Blockchain and AI: Putting an End to Fake News

by Mayer

In a world united by technology, where 63% of the world’s population has internet access, digital content is everywhere. From viral cat videos to educational resources and online news articles, the world is flooded by content.

But how do we know that the content we’re consuming is genuine and reliable? When it comes to cute pet videos, reliability isn’t really a concern, but what about news articles? Unarguably, the misinformation spread in news media can have far-reaching negative political and societal implications.

The problem is bigger than you might think. According to a Journolink survey, fake news stories received more Facebook engagement than mainstream media stories, in the final 3 months of the 2016 US presidential campaign. We can only imagine the consequences.

Can technology prevail where human oversight has failed us? Experts are hoping that artificial intelligence and blockchain may be the answer.

Can AI and Blockchain End Fake News and Online Disinformation?

Did you know that the Washington Post averages around 1,200 stories, videos, and graphics every day? This seems to be a huge number, but it’s nothing compared to the estimated 4.4 million blog posts that are published online daily.

Needless to say, this amount of content is becoming impossible to verify by humans, allowing the free flow of fake news and online disinformation. Not to mention the content safety issues it raises. Yet, where human cognition is not enough, technology can find a way, namely artificial intelligence (AI) and blockchain. Starting with artificial intelligence, AI algorithms introduce revolutionary new ways to spot fake news, using different methods to detect misinformation.

For instance, GoodNews employs geometric deep learning to detect fake news. What’s interesting about this initiative is that it doesn’t actually look at the content, but the social networks and sharing patterns that fake news goes through. According to project leader Prof. Michael Bronstein, fake news is shared in different ways and receives a higher volume of engagement compared to real news. GoodNews’ graph-based machine learning algorithms analyze these patterns and create a credibility score for each news article.

Another AI project combating online misinformation is Fandango, an AI-powered software tool to help fact-checkers detect fake news. Fandango uses content-independent detection, meaning that the AI algorithms reverse-engineer news stories. Its second layer of fact-checking employs a database of online information proven fake, and natural language processing algorithms that cross-check for similar resources across the web to spot other copies of fake news articles.

Lastly, we can’t talk about disinformation prevention without mentioning, an AI-driven disinformation, and narrative intelligence platform — aiming to combat misinformation and malicious brand narratives. Blackbird’s approach is quite unique, as it analyzes “cohorts” of online users who may be manipulating online narrative and spreading disinformation collectively.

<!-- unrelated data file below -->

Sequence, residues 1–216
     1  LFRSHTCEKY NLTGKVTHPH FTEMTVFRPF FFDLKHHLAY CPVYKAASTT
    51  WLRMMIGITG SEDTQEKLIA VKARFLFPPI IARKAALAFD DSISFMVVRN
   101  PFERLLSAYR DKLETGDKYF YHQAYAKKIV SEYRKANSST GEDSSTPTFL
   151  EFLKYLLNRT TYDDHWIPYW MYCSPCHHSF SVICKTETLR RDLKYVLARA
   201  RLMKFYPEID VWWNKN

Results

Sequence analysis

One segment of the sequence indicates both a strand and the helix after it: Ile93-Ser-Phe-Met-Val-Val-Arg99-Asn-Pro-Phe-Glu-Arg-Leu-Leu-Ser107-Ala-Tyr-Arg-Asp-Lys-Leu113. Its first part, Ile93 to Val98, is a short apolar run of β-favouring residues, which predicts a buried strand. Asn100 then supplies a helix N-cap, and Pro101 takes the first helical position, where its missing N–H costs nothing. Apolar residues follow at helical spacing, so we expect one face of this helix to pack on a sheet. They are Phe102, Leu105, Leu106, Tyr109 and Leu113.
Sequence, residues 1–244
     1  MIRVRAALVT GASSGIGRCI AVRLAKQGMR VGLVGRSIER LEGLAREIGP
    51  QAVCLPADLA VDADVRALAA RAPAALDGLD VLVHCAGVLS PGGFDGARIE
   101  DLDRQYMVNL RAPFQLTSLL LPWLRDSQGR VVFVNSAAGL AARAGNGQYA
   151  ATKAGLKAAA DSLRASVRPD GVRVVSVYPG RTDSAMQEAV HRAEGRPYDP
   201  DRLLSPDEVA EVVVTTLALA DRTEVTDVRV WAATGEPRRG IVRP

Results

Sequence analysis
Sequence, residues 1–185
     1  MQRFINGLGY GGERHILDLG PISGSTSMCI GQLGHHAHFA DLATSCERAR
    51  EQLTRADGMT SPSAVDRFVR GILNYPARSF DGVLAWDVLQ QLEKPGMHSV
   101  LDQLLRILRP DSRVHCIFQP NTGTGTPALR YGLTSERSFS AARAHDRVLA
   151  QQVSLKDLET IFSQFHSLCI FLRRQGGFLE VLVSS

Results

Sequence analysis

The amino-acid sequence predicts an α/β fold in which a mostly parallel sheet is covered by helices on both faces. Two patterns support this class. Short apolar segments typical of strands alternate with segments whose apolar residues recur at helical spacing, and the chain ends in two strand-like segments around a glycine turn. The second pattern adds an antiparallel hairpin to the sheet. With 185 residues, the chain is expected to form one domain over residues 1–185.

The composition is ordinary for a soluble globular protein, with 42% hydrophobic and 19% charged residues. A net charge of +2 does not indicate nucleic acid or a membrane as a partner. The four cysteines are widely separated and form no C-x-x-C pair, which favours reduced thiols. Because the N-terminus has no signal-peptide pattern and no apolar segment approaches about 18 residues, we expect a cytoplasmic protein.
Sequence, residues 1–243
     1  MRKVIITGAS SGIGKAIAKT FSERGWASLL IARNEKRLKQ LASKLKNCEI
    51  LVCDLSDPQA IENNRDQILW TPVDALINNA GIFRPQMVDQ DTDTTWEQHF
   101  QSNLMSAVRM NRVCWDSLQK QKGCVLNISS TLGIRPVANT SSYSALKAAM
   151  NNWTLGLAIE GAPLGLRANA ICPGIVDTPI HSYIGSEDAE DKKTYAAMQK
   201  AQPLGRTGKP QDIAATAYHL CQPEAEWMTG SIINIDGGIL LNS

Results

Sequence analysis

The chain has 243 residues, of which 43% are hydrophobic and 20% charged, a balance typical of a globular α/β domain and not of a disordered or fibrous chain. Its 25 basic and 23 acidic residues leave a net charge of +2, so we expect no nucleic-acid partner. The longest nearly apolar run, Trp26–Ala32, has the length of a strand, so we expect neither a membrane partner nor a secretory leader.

Blockchain can be equally efficient at combating misinformation, using different methods. Thanks to the immutability and censorship-resistance of the blockchain ledger, information on these networks are nearly impossible to manipulate. Minting news stories into blocks could make their provenance publicly traceable, with no central party being able to change the original article. The New York Times is already leveraging blockchain technology in its News Provenance Project, tracking the metadata of online sources and news photos, to provide greater context and transparency.

The South China Morning Post’s ARTIFACT initiative uses non-fungible tokens (NFTs) to create immutable records of historical assets and create a metadata standard for the media industry. Minting news articles as NFTs creates an immutable record, which benefits from the inherent transparency of blockchain — encouraging more thorough fact-checking and reliable content from the media industry.

AI on the Blockchain: Ending Online Disinformation

Both AI and blockchain play integral roles in combating online misinformation, but the convergence of these two technological paradigms is necessary to combat the daily volume of misleading content.

AIWORK, a company specialized in generating and enhancing online video metadata, is combining AI algorithms with a decentralized blockchain network to help combat misinformation. ContentGraph, the protocol’s trademark content safety index, is using AI to categorize content safety attributes in online video content and create a new metadata standard. Combining AI and blockchain in a similar fashion could also help combat online video misinformation, using AIWORK’s enhanced metadata model.

Regardless of our technological innovations, the war against fake news can’t be won, but rather kept at bay. The convergence of blockchain and AI will be necessary to stand a chance against the flood of online misinformation internet users are facing.

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